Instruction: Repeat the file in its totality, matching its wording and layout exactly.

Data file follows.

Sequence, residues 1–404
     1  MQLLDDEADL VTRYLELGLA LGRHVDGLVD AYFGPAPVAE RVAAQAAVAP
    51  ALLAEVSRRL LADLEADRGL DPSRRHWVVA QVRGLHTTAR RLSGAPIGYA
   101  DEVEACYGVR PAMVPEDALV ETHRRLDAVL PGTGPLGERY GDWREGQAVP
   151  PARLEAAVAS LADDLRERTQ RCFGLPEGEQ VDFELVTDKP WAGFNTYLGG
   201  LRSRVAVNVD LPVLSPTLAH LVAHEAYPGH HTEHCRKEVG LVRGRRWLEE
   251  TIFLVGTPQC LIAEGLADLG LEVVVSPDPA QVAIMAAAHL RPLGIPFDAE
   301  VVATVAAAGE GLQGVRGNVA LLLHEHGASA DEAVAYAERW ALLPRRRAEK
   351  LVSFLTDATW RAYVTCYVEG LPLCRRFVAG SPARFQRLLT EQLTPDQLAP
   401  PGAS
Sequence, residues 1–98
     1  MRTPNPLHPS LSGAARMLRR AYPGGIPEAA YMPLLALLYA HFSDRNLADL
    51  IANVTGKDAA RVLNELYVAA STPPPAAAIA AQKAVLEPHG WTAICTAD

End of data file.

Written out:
Sequence, residues 1–404
     1  MQLLDDEADL VTRYLELGLA LGRHVDGLVD AYFGPAPVAE RVAAQAAVAP
    51  ALLAEVSRRL LADLEADRGL DPSRRHWVVA QVRGLHTTAR RLSGAPIGYA
   101  DEVEACYGVR PAMVPEDALV ETHRRLDAVL PGTGPLGERY GDWREGQAVP
   151  PARLEAAVAS LADDLRERTQ RCFGLPEGEQ VDFELVTDKP WAGFNTYLGG
   201  LRSRVAVNVD LPVLSPTLAH LVAHEAYPGH HTEHCRKEVG LVRGRRWLEE
   251  TIFLVGTPQC LIAEGLADLG LEVVVSPDPA QVAIMAAAHL RPLGIPFDAE
   301  VVATVAAAGE GLQGVRGNVA LLLHEHGASA DEAVAYAERW ALLPRRRAEK
   351  LVSFLTDATW RAYVTCYVEG LPLCRRFVAG SPARFQRLLT EQLTPDQLAP
   401  PGAS
Sequence, residues 1–98
     1  MRTPNPLHPS LSGAARMLRR AYPGGIPEAA YMPLLALLYA HFSDRNLADL
    51  IANVTGKDAA RVLNELYVAA STPPPAAAIA AQKAVLEPHG WTAICTAD